Racism and oppression inhibit society and its actors and institutions from understanding the intricacies of ethnicity and race. This inhibition makes it more difficult for society to find solutions and remedy oppression. This Essay examines racism in the specific context of “transjudicial communications.” Anne-Marie Slaughter coined this term to describe the practice of courts in one country citing to the opinions and decisions of courts in foreign countries. In the United States, domestic issues of race may shape how legal actors and institutions understand and utilize transjudicial communications. In numerous instances, lawmakers and judges have expressed resistance to foreign law while debating aspects of racial inequality and racism in the United States.
More specifically, racism may fuel myopia on the Supreme Court of the United States by blocking Justices from access to useful foreign legal decisions. As a result, the Justices’ learning process regarding ethnicity and race is stifled. This is a troubling issue, particularly where the perspective lent by transjudicial communications could have been helpful in the Court’s recent discussions of the constitutionality of both race-conscious admissions in higher education and bans on race-conscious affirmative action programs. Specifically, a recent Brazilian Supreme Federal Court decision could have shed light on how the U.S. Supreme Court should view the relation between diversity and equality, how universities might address the U.S. Supreme Court’s concern over applications that allow for self-identification without third-party review, and whether to characterize affirmative action programs as benignly discriminatory, as opposed to manifestations of substantive equality.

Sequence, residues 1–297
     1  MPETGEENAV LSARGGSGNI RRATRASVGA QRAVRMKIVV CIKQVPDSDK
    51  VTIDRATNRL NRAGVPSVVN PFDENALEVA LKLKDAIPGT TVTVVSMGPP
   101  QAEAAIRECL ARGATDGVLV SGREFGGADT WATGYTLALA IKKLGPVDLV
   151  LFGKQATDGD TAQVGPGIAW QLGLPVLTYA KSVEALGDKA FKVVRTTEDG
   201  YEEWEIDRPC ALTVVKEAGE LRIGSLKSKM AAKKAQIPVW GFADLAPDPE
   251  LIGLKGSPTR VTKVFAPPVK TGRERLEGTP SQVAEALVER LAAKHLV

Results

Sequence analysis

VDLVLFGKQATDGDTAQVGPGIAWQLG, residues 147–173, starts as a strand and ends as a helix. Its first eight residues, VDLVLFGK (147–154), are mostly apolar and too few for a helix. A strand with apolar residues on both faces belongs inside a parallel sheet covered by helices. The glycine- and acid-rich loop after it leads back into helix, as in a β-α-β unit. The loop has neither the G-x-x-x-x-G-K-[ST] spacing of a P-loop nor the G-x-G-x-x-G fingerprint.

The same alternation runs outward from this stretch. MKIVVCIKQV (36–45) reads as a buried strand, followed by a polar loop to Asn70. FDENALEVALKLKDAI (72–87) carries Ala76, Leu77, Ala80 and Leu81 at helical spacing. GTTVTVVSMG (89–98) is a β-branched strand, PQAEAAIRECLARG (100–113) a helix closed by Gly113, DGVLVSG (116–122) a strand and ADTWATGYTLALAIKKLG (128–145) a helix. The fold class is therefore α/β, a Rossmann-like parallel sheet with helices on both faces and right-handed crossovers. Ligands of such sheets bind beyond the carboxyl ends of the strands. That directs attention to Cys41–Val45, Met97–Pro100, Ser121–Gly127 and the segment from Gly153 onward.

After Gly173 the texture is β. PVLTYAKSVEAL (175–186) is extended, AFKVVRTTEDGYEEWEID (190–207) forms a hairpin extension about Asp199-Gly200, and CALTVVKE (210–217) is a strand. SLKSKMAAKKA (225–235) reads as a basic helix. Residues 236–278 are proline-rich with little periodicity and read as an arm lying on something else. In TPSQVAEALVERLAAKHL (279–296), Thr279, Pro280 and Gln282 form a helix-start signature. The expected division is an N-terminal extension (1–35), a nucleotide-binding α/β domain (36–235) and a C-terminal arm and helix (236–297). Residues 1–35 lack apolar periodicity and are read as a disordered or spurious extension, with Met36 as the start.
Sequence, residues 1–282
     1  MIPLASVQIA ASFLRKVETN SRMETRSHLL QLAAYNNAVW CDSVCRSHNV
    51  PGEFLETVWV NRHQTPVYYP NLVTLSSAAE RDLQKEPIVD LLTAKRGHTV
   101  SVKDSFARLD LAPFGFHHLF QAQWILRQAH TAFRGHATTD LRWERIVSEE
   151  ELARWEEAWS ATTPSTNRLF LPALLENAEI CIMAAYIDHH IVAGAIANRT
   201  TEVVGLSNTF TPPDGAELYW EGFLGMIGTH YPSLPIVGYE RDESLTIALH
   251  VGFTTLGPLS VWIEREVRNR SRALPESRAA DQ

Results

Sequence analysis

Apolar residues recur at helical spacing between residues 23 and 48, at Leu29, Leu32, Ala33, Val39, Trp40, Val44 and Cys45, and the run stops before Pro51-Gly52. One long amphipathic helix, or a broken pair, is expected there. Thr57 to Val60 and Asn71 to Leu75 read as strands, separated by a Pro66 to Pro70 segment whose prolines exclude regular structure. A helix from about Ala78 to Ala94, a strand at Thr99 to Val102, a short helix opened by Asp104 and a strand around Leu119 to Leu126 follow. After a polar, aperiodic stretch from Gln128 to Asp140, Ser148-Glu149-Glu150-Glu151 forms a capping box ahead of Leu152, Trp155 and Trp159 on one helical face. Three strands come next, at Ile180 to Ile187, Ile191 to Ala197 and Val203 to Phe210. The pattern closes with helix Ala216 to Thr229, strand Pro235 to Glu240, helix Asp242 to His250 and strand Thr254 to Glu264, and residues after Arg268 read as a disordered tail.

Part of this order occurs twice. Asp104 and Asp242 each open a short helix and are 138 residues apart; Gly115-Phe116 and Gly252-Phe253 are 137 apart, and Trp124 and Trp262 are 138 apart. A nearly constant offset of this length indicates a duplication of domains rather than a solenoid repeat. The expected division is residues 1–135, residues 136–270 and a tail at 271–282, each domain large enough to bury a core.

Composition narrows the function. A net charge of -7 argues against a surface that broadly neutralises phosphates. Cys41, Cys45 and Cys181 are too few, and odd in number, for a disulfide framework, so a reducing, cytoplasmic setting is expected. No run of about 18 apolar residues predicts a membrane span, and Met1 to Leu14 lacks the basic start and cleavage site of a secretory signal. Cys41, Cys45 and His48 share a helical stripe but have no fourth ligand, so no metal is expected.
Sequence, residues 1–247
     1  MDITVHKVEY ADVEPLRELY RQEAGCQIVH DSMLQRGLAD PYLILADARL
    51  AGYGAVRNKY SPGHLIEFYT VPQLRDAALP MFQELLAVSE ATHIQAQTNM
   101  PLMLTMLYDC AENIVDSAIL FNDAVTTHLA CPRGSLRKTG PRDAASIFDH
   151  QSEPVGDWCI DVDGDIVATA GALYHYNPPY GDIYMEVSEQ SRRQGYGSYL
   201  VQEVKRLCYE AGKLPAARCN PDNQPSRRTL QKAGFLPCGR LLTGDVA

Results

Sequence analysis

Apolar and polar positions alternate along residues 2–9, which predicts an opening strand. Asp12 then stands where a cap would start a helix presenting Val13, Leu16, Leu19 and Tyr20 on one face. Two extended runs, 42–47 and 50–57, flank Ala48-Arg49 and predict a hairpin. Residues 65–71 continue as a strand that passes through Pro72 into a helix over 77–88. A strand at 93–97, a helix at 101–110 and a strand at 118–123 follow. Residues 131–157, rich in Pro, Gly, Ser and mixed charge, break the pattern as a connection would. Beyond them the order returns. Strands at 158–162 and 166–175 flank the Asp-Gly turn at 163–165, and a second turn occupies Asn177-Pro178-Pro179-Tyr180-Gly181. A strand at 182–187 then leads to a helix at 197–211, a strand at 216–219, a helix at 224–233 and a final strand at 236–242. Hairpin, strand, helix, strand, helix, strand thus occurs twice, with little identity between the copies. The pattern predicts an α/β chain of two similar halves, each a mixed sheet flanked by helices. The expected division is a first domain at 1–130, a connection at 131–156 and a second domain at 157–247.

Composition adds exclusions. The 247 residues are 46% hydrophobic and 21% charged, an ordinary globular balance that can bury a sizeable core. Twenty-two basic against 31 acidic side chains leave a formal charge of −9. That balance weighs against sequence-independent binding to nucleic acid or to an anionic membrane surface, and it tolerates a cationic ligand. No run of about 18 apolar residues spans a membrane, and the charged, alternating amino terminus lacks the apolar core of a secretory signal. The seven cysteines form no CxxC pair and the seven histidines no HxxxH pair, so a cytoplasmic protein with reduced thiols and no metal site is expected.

The goal of this Essay is to situate transjudicial communications and the backlash against foreign legal citations into a conversation about race and racism. The goal is not to try to prove that opposition to foreign law is racist. That claim is better left for future research. Rather, at a minimum, the resistance to foreign and international law has correlations to racism and is grounded in a racial narrative.
In discussing racism and transjudicial communications, this Essay begins with a working definition of the contested conceptualization of globalization because transjudicial communications are a specific example of globalization. Second, I provide a brief overview of transjudicial communications in the United States and discuss how resistance to this process is linked to oppression and racism. Finally, I argue how racially-rooted resistance to foreign legal citation inhibits the possibilities for U.S. Supreme Court Justices to learn about race in the context of race-conscious university admissions. I use the example of the Supreme Federal Court of Brazil’s landmark affirmative action decision issued in April 2012 as an example of a missed opportunity for the U.S. Supreme Court to learn about race and the crafting of appropriate race-conscious remedies.